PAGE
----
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Apollo asteroid 2005 RV24 passing by NGC 7009 (the Saturn Nebula)

2005 RV24 was discovered by LINEAR on 9th September 2005 then picked up three days later with the 1.2-m reflector on Haleakala Hawaii as part of the NEAT survey. After appearing on the NEO Confirmation page further observations were reported on 13 September by James McGaha in Tucson and Robert Hutsebaut, operating a telescope in New Mexico remotely from Belgium. MPEC 2005-R58 was issued later that same day announcing the discovery.

It had passed Earth 5 days before discovery, tracking through Cygnus at magnitude +17, some 29 times further away than the Moon. It is an Apollo asteroid, with high eccentricity and a small perihelion distance of 0.18 AU, nearly twice as close to the Sun as Mercury. Heading swiftly south, fading and in conjunction with the nearly full Moon on 15th September, the object was caught from Great Shefford on the night of 14 September and the unusual shape of the Saturn Nebula was immediately apparent in the images.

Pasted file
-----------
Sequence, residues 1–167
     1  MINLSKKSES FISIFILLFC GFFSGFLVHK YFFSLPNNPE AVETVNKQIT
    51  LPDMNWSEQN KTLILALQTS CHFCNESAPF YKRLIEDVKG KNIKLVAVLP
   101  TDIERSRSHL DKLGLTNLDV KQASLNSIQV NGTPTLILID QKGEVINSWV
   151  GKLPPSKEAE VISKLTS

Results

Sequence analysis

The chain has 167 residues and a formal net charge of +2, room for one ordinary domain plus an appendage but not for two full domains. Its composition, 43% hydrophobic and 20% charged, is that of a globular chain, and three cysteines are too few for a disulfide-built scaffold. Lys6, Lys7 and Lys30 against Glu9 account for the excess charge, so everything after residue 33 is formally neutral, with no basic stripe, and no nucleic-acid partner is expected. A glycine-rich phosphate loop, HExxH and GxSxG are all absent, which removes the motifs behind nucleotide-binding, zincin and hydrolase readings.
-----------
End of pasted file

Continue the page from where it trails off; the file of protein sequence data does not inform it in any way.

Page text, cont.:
In the co-added exposures used to reveal the NEO, the image of the planetary nebula is burnt out, so the inset has been processed by averaging rather than adding the 45 constituent images together. A logarithmic image stretch has also been used to enhance the fainter parts of the nebula.


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